Strategy, Security, and Spies: Mexico and the U.S. as Allies in World War II. Maria Emilia Paz. University Park: Pennsylvania State University Press, 1997.
The Monroe Doctrine of 1823, John ("Black Jack") Pershing's attempt to capture Francisco ("Pancho") Villa, the infamous Zimmerman telegram of the First World War, and the Mexican government's expropriation of Anglo-Dutch-American oil companies' properties in 1938 are among the significant international events serving as precursors to the era documented in this volume. Likewise, Franklin Delano Roosevelt's concept of the Good Neighbor Policy; and the emerging threat of the Axis powers in Europe, northeast Africa, the Far East, and in Latin America, provide the dynamic historic backdrop for this compelling analysis by Maria Emilia Paz.
As the author notes, her research focuses on the security relations between Mexico and the United States from 1940 through 1945 and is not intended to be a comprehensive account of bilateral interactions during the Second World War. In terms of security arrangements, it was a period of intra- and inter-multinational military and diplomatic maneuverings, clandestine communications, propaganda, intelligence and counterintelligence operations, treason, sabotage, and other elements worthy of any film noir (The Third Man, for example). In the United States, the "war hysteria" of the early 1940s, the fall of France, the ongoing Battle of Britain, and a fear of Japanese attacks on American Pacific coast military and industrial targets set the psychological stage.
By 1940, the United States had begun to change its strategic policies toward Latin America, and in particular to its nearest neighbor, Mexico, as a result of external events during the period 1936-38-namely, the Italian invasion of Ethiopia, the Spanish Civil War, the escalation of the Sino-Japanese War, Nazi Germany's rearmament, and the "invasions" of Austria and Czechoslovakia. Until the Japanese attack on Pearl Harbor, December 7, 1941, Mexico's attitude toward the United States on matters of hemispheric security was, as Paz states, "noncommittal," and Mexico openly exported.oil and other raw materials to both the United States and Japan. The "Day of Infamy" changed dramatically these relationships particularly on political, economic, and military issues.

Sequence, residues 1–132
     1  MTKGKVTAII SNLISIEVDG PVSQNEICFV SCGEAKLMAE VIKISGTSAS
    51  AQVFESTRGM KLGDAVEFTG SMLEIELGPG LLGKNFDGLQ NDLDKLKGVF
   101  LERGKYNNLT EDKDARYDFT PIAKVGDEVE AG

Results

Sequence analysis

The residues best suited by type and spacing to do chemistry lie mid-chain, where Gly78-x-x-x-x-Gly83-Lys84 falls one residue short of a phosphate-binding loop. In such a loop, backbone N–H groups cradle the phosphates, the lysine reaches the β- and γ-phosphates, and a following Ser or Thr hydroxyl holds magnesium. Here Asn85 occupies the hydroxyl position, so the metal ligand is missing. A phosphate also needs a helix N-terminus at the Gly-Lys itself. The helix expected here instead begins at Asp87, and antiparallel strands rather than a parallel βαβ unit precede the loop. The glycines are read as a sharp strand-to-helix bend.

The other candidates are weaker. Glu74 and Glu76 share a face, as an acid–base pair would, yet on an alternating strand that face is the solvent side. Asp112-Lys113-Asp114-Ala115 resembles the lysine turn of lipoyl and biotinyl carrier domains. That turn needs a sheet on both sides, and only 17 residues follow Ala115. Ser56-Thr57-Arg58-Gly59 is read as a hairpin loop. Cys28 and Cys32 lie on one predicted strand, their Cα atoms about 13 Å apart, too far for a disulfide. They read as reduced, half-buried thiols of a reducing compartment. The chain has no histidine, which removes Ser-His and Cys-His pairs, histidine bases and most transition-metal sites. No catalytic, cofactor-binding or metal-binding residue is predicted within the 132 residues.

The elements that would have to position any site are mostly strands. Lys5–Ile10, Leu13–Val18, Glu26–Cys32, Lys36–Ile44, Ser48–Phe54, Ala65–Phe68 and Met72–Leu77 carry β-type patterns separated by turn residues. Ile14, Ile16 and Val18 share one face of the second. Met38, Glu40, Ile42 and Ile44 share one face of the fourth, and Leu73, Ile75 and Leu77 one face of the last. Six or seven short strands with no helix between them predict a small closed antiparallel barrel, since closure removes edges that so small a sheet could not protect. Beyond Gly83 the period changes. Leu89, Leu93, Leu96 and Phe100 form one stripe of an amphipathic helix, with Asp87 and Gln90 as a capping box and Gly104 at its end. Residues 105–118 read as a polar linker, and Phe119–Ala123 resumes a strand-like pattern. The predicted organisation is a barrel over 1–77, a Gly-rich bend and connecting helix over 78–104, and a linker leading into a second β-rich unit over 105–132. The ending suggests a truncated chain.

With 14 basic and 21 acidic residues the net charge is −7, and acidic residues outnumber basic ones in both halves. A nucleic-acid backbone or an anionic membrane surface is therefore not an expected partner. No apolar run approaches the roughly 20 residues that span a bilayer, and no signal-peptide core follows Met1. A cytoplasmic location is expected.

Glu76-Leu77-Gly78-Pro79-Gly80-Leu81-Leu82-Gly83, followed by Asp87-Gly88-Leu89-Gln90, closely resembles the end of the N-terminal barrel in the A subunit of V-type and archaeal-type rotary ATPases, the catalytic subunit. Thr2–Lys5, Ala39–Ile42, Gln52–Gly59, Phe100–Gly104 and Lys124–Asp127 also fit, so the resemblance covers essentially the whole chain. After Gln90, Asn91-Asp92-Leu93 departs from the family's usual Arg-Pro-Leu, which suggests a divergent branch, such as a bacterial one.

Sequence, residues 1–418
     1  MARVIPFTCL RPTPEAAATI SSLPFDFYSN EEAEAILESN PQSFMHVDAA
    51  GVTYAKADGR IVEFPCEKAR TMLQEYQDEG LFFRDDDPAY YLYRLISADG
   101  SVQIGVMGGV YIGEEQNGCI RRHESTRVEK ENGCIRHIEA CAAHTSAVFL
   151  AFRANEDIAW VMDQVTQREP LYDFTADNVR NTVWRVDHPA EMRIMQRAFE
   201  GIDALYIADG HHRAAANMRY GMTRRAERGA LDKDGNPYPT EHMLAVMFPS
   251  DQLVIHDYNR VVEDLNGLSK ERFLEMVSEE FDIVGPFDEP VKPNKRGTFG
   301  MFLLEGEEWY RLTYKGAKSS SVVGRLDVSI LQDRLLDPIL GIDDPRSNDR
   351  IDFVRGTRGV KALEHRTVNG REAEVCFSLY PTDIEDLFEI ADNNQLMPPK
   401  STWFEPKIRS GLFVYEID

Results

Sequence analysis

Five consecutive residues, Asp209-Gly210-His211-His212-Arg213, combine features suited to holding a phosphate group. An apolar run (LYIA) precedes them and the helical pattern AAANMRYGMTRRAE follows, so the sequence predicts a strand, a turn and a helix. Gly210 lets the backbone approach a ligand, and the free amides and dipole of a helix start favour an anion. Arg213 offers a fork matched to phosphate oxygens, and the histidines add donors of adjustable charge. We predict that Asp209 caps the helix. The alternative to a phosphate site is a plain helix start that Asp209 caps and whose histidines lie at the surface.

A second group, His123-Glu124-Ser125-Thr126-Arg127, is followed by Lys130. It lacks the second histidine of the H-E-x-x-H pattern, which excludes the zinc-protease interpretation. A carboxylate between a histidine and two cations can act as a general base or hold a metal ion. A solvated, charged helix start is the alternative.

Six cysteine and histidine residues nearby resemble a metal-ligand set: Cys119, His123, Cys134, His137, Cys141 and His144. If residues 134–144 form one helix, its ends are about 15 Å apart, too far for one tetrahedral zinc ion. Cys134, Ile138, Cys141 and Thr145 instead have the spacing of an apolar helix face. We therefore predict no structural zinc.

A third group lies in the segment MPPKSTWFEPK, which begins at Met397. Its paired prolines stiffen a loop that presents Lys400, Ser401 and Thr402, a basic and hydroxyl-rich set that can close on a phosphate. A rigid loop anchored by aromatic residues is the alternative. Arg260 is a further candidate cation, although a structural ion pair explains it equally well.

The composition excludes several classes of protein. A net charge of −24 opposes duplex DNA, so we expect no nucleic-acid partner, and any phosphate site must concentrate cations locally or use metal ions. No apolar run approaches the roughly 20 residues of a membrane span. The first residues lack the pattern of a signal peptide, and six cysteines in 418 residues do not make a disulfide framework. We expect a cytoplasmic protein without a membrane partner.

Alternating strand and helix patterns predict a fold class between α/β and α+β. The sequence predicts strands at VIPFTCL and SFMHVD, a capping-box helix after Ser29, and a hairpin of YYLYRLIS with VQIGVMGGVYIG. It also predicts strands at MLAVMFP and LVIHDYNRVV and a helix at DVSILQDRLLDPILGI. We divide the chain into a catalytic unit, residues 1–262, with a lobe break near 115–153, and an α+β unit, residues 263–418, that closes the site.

Strategy, Security, and Spies is topically rather than chronologically organized and the focus of the book is on the pre-war and early years, 1940-43. The author contends correctly that Mexican historians have largely ignored the 1940s for ideological reasons associated with the "end" of the Mexican Revolution (see Brenner's 1943 classic ). Paz also asserts that scholars of the history of the United States have neglected this era probably because World War II and events in Europe and the Far East are appealing to researchers.
Paz summarizes briefly the political, economic, and psychological parameters of that era, the concern of the United States about the defense of the Panama Canal, the fear of Nazi and Japanese penetration into Latin America, and the disposition of French and Dutch colonies and warships in the Western Hemisphere. The U.S. War Department's RAINBOW military plans had been developed in 1919 and frequently revised since then, and included "Orange," devised to counter the Japanese, as well as "Green"a concept calling for the occupation of Mexico by U.S. forces because of an unstable Mexican political system (47-48). Paz makes clear the heavy Japanese involvement in the Mexican oil industry from 1938 to 1941.
After December 7, 1941, a new phase opened on bilateral hemispheric defense, resulting in the formation of the U.S.-Mexican Defense Command (modeled on the extant U.S.-Canadian plan). However, …